New Online Course Teaches Students How to Have a Healthy Body Image

Brandon Hays, a junior in exercise and sports science pre med, works out at the Student Life Center on Wednesday night.

Dane Goodwin

Brandon Hays, a junior in exercise and sports science pre med, works out at the Student Life Center on Wednesday night.

Students struggling with self-esteem issues because of body image can treat themselves to self-care this spring by enrolling in a new online course called “Developing a Healthy Body Image.”

Colleges are a breeding ground for negative body image. According to the National Eating Disorders Association, 91 percent of women on campuses have attempted to control their weight through dieting. One study found that although most men are dissatisfied with their body, college-aged men are more susceptible to a negative body image than other adult men.

Brandon Hays, a junior in exercise and sports science pre med, works out at the Student Life Center on Wednesday night. Photo credit: Dane Goodwin
Brandon Hays, a junior in exercise and sports science pre med, works out at the Student Life Center on Wednesday night. Photo credit: Dane Goodwin

Isabel Shimanski, a freshman studying ballet and nutrition, said she thinks “students not being comfortable in their body is a big issue.”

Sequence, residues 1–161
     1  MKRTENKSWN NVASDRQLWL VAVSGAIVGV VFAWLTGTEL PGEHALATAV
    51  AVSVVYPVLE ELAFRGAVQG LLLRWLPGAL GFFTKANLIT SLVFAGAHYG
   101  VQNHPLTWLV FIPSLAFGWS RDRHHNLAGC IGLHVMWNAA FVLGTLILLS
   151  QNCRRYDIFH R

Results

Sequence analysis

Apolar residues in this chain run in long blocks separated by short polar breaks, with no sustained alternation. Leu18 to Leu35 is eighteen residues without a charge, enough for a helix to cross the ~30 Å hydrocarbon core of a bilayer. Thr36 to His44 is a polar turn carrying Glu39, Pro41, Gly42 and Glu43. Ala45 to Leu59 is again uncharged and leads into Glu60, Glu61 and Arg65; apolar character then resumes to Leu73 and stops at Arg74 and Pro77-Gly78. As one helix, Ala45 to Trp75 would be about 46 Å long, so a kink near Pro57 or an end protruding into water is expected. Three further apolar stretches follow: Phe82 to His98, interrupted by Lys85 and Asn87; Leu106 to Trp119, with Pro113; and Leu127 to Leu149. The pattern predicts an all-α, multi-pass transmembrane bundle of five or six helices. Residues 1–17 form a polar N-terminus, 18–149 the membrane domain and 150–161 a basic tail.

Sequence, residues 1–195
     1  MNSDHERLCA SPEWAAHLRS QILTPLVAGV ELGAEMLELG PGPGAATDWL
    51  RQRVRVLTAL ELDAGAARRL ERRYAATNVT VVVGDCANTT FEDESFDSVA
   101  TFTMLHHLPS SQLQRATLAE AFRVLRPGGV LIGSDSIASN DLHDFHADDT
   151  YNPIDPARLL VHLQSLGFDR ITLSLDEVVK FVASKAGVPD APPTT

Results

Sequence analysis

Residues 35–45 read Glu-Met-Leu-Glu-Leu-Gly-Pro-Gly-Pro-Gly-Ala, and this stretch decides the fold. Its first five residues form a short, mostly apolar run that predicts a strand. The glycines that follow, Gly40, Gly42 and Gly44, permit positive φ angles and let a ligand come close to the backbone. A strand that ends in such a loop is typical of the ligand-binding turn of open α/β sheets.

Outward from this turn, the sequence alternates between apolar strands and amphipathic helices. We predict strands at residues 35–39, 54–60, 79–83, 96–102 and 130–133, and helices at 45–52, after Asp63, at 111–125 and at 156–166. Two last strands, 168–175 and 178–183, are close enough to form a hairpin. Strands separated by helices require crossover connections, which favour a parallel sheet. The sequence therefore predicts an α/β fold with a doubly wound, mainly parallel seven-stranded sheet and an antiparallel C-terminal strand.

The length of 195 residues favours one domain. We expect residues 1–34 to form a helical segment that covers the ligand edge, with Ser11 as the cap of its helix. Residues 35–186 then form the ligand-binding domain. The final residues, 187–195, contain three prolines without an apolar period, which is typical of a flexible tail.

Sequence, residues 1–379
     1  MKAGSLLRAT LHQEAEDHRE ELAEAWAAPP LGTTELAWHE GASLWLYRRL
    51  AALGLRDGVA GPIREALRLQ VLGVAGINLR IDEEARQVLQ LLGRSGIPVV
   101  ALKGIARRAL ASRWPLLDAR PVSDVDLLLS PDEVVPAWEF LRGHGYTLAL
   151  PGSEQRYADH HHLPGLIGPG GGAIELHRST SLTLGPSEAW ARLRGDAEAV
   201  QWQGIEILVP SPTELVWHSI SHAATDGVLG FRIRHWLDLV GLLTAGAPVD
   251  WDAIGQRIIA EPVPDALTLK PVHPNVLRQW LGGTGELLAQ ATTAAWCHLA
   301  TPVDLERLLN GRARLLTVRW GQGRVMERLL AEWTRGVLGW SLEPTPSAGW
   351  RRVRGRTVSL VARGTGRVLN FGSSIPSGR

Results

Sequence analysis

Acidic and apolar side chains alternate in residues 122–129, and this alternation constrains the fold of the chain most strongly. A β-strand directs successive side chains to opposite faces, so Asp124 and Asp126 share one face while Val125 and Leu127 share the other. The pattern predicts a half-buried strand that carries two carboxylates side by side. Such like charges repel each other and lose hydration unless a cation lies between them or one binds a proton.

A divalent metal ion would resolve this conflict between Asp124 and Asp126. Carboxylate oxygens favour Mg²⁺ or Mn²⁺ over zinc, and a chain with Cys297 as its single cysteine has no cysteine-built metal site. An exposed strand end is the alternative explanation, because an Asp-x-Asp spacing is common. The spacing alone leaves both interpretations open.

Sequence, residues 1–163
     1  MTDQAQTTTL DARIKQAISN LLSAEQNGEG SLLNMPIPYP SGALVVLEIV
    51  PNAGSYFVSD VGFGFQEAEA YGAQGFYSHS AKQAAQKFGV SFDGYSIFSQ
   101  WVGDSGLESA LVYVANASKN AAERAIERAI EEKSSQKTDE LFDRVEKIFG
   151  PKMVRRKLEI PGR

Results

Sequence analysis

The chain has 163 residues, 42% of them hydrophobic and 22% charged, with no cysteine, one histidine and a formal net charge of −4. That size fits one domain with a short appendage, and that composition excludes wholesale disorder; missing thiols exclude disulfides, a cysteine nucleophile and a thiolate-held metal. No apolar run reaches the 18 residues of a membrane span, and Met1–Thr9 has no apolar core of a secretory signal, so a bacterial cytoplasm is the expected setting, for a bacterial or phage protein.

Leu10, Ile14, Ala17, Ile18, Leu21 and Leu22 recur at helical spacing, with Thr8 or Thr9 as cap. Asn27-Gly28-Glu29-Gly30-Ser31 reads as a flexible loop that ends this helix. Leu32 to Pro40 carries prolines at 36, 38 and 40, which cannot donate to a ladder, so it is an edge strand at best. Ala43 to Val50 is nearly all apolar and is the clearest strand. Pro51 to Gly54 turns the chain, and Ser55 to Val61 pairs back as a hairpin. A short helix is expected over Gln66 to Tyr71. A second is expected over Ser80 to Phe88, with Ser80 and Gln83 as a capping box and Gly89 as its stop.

“There’s a spreading idea that you have to have a special body to be a good person, which isn’t true,” Shimanski said.

In Utah, body image issues are especially prevalent. Course instructor Amber Whiteley has conducted Utah-specific research since 2009 and has found unique cultural aspects that contribute to an increased risk of body dissatisfaction.

The online course, ED PS 5960-090, is intended to dispel negative body perceptions by moving toward each student’s personal body acceptance.

Based on internal reflection, the course will utilize “The Body Image Workbook” and “Body Image: Understanding Body Dissatisfaction in Men, Women, and Children,” a text that explores the roots of society’s struggle with body image. Students enrolled in the course will also watch several documentaries, including “The Mask You Live In,” “Killing Us Softly,” and “Miss Representation,” chronicling how popular media affects body perceptions. The class will encourage students to use positive psychology to form a new conclusion about themselves.

Whiteley said, “The class is a balance … [between] education about social issues … and utilizing this knowledge to become more aware of how we have all been socialized and impacted by society to have poor body satisfaction.”

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